Contracting questions could delay DoD-VA EMR integration by two years

A "potentially unethical" relationship between a federal employee and a government contractor is the reason for the delay of the integration of EMR systems at the Departments of Defense and Veterans Affairs, the Washington Times reports. That wording comes from an internal DoD memo obtained by the Times.

According to the newspaper, the 16-page report says a Military Health System worker provided a "potentially unfair advantage" to Adara Networks, a Scotts Valley, Calif.-based firm with a contract to provide networking software and hardware for the integration project. The Pentagon stopped the integration in September, a month after conducting an internal review. That review, as FierceEMR has reported, was prompted by a complaint from Maj. Frank Tucker, chief of product development for the Defense Health Information Management System, who said a superior ordered him to give software and related documentation to Adara a few days before the company won a key DoD contract.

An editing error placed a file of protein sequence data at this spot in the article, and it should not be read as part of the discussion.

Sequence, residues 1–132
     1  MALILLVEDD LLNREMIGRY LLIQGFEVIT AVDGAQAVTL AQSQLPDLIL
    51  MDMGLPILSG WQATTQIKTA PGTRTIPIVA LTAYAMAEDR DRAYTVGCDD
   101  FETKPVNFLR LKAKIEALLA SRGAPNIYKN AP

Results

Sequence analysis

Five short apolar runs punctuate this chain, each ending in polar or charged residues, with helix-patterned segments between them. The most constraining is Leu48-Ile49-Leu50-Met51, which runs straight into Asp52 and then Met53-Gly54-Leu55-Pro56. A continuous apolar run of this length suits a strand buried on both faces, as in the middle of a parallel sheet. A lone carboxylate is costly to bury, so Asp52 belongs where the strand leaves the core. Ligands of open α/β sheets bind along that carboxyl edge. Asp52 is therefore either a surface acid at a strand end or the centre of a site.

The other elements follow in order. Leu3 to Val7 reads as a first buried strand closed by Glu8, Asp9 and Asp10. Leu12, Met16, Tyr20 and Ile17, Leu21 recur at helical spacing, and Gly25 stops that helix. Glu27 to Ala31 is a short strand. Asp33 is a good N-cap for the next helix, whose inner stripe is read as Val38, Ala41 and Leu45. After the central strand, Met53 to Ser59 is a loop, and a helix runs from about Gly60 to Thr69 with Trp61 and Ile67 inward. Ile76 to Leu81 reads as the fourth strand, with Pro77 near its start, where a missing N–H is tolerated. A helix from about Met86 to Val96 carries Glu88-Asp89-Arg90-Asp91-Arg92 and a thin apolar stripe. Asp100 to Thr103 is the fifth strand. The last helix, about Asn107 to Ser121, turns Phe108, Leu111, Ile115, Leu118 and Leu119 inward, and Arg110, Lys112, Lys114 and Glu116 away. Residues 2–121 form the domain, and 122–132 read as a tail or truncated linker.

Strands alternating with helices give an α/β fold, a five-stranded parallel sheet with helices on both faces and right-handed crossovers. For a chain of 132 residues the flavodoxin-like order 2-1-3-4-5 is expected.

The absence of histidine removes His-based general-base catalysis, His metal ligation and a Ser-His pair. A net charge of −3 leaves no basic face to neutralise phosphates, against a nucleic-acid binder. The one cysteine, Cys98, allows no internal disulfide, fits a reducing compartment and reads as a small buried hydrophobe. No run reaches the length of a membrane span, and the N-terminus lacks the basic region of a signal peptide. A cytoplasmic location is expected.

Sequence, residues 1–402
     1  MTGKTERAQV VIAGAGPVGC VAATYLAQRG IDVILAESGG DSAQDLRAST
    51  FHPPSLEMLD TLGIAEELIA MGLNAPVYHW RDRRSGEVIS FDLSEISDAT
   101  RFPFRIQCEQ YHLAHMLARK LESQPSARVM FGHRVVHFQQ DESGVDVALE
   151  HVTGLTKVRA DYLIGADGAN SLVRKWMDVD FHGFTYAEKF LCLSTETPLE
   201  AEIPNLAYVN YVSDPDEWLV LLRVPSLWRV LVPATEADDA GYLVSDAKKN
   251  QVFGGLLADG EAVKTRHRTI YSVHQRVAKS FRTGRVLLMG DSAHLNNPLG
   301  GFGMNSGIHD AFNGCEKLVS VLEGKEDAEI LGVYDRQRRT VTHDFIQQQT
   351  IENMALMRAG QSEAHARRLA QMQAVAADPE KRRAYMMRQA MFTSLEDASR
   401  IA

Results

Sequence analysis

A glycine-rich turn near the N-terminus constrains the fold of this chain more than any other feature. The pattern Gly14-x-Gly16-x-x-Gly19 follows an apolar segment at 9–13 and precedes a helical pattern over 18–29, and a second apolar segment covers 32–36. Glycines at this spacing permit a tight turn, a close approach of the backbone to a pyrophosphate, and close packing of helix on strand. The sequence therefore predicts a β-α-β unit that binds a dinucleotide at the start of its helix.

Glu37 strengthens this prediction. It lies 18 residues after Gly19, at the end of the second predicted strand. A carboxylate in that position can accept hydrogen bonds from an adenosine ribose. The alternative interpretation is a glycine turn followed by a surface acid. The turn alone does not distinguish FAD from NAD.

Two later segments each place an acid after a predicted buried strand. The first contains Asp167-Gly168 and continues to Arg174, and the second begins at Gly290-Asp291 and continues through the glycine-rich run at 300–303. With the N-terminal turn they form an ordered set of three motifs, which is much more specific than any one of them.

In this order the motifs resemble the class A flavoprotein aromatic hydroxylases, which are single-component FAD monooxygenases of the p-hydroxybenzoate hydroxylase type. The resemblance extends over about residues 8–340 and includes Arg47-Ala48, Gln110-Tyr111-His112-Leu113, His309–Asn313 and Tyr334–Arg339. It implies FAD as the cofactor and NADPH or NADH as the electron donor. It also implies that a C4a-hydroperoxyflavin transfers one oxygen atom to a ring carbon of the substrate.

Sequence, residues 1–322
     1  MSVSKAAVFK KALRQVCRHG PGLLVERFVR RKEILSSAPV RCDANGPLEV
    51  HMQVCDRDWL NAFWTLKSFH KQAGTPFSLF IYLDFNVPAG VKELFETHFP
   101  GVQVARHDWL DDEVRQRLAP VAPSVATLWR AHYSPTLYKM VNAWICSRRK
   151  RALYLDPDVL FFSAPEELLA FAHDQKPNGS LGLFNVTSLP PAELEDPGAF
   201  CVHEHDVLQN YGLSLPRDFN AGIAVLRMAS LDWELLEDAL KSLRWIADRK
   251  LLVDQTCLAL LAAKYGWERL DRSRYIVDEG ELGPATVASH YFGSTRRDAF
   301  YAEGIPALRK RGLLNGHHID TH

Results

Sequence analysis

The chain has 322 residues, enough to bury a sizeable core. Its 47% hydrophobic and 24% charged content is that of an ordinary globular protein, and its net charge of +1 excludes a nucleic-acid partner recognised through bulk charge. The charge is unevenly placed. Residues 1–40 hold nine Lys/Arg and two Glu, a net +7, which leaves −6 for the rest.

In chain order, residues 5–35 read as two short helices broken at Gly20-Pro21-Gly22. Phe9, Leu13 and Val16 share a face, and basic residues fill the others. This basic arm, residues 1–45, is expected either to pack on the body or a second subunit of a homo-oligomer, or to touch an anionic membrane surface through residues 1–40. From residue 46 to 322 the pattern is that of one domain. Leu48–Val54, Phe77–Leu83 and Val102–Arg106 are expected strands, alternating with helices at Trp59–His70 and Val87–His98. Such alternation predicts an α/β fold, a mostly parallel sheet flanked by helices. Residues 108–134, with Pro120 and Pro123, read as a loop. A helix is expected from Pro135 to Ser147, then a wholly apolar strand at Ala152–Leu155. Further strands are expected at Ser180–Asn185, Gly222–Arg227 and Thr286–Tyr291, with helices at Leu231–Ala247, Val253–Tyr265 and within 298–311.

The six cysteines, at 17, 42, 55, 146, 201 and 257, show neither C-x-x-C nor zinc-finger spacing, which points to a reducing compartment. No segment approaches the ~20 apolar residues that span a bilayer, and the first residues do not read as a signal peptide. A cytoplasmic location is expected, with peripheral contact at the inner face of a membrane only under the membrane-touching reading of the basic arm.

The Times, based on the report that it uncovered, names the superior as Tommy Morris, acting director of the Pentagon's Force Health Protection & Readiness programs, and talks of a cozy relationship between Morris and Adara CEO Eric Johnson.

The contracting problem could delay full integration by one to two years and leave the MHS with nothing to show for the $13 million already spent on the effort, according to the Times. The DoD's inspector general continues to investigate, and an Adara spokesman calls the report part of a "smear" by a DoD agency that itself is the subject of an IG investigation.

For more:
- read this Washington Times story

Suggested Articles

Roche, which already owned a 12.6% stake in Flatiron Health, has agreed to buy the health IT company for $1.9 billion.

Allscripts managed to acquire two EHR platforms for just $50 million by selling off a portion of McKesson's portfolio for as much as $235 million.

Artificial intelligence could help physicians predict a patient's risk of developing a deadly infection.